# Calculating how many times TIMER1 will overflow

I'm trying to understand how to set up an overflow interrupt on ATmega328 TIMER1 to measure a frequency.

I'm feeding pin PD4, which is where TIMER1 is externally clocked, with a 503kHz square wave (4.8Vpp).

Given that TIMER1 is 16 bit, I would assume that it would overflow 7 times every second. My reasoning is the following:

$$number\;of\;overflows = \frac{f}{TIMER1\;max\;count} = \frac{503,000Hz}{65,536} = 7.67$$

However, my program counts 988 overflows instead. That's 128 times more than I expected. Why??

I'm using the following code:

volatile unsigned long int running;

ISR(TIMER1_OVF_vect) {
running++;
}

void setup()
{
Serial.begin(9600);

// set up the 16 bit timer as an external frequency counter:
TCCR1B |= (1 << CS10)|(1 << CS11)|(1 << CS12); // External clock, rising edge
TIMSK1 |= (1 << TOIE1); // Enable overflow interrupt

sei();  // enable global interrupts
}

void loop() {
running = 0;
delay(1000); // wait 1000ms
Serial.println(running);
}


Below is the external clock signal on the scope:

The schematic I'm using is this one below. The inductor is 220uH instead of 68uH.

• I'm guessing you absolutely need to clear a flag in the interrupt routine. Plus I'm not sure that delay(1000) will wait exactly 1s... That's the flag thing though. – Vladimir Cravero Aug 15 '14 at 18:05
• Is the chip programmed with a bootloader? – Ignacio Vazquez-Abrams Aug 15 '14 at 18:24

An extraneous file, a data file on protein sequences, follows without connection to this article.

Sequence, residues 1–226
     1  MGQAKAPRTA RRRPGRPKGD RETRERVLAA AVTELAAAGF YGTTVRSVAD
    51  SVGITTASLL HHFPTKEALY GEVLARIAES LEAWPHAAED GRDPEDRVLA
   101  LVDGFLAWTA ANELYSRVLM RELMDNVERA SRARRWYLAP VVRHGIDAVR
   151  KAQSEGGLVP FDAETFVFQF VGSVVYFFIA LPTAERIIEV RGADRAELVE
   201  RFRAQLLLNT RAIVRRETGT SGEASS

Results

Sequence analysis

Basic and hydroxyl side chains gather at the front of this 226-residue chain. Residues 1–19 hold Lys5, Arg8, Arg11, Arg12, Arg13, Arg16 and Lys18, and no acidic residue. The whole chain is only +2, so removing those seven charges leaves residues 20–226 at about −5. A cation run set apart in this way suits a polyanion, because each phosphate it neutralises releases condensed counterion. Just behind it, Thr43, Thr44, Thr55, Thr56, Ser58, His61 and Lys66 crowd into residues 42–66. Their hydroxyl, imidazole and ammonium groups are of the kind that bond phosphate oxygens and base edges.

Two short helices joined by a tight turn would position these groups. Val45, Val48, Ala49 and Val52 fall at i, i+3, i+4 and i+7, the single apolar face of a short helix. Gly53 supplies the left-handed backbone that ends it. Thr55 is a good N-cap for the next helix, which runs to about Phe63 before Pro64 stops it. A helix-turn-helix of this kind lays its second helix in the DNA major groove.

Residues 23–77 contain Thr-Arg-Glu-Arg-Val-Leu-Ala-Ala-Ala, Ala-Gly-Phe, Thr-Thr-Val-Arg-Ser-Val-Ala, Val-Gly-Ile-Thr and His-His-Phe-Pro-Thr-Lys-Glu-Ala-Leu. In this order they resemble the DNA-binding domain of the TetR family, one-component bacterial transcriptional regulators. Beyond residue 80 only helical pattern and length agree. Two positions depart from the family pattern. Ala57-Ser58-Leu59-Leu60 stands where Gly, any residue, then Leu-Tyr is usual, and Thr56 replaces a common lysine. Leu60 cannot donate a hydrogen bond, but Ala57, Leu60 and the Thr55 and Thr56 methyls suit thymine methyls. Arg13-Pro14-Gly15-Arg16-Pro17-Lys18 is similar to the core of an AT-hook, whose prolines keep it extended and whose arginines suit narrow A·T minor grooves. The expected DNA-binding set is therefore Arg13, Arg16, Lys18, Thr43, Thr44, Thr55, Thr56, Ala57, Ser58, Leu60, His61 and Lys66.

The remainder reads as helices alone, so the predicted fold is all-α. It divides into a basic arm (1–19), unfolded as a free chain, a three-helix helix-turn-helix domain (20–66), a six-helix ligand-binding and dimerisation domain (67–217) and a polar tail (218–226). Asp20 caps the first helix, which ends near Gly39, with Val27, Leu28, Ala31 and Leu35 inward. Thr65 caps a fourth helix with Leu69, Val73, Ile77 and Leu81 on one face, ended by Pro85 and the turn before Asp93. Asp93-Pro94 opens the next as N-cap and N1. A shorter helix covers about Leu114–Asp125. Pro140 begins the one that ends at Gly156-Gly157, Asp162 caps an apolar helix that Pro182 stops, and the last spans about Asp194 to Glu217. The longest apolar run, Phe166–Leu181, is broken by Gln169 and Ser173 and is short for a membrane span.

• Be sure you have defined F_CPU, otherwise the compiler will default to 1MHz for use with delay. It looks like you are mixing AVRgcc with Arduino API. Try using _delay_ms(1000), which is the inline implementation given in the AVR header file delay.h. The Arduino implementation probably just calls this routine anyway, however. – sherrellbc Aug 15 '14 at 18:33
• @Ignacio yes, it's got an Arduino Uno bootloader (optiboot I suppose). – Ricardo Aug 15 '14 at 19:04
• Check out Table 16-4 in the datasheet for your micro, and make sure you are in Normal mode. Otherwise, the overflow flag could be triggering for other reasons. – Mewa Aug 15 '14 at 20:37

As per page 140 of the datasheet the flag that must be cleared is called $\mathtt{TOV1}$ and is the LSB of the register $\mathtt{TIFR1}$. That bit should be cleared automatically but that feature might be disabled to use nested interrupts, which seems the case to me. I would have expected an higher value for running, but that's an int and might well be 8 bit wide, so it's overflowing like crazy (that's even signed!).

Try adding this line as the first thing in your overflow ISR:

TIFR1 &= 0x01;


Maybe something like:

TIFR1 &= 1 << TOV1;


will work too, but who knows? You should dive into headers. Try the first solution, that should work.

• Tried both lines, but didn't work. It turns out that the problem was something else. Somehow TCCR1A comes set to 0x01 instead of 0x00 in my setup. See my own answer below for more details. Thanks for the effort and for digging into the datasheet, though! +1 – Ricardo Aug 15 '14 at 22:47

Thanks to Mewa's comment, which I copy below, I found what the problem was.

Check out Table 16-4 in the datasheet for your micro, and make sure you are in Normal mode. Otherwise, the overflow flag could be triggering for other reasons.

Somehow, in my programming environment, the TCCR1A is set initially to 1 and not to 0 as I assumed.

I verified and fixed the issue with the following lines:

  Serial.println(TCCR1A); // <- this line outputs 1
TCCR1A = 0; // <- this line fixed the problem - I now get 7 to 8 overflows per second
TCCR1B |= (1 << CS10)|(1 << CS11)|(1 << CS12);
TIMSK1 |= (1 << TOIE1);


If I understand it correctly, that means that bit WGM10 as set to 1, setting my TIMER1 to Mode 1 (PWM, Phase Correct, 8-bit) instead of the intended Mode 0 (Normal). The result was that the timer was overflowing at 511 and not 65535 as I assumed.

Thanks to all of you who helped me figure this one out!

• And that's why I alsways set all the bits I need, also if on reset they should be as I like. – Vladimir Cravero Aug 15 '14 at 22:59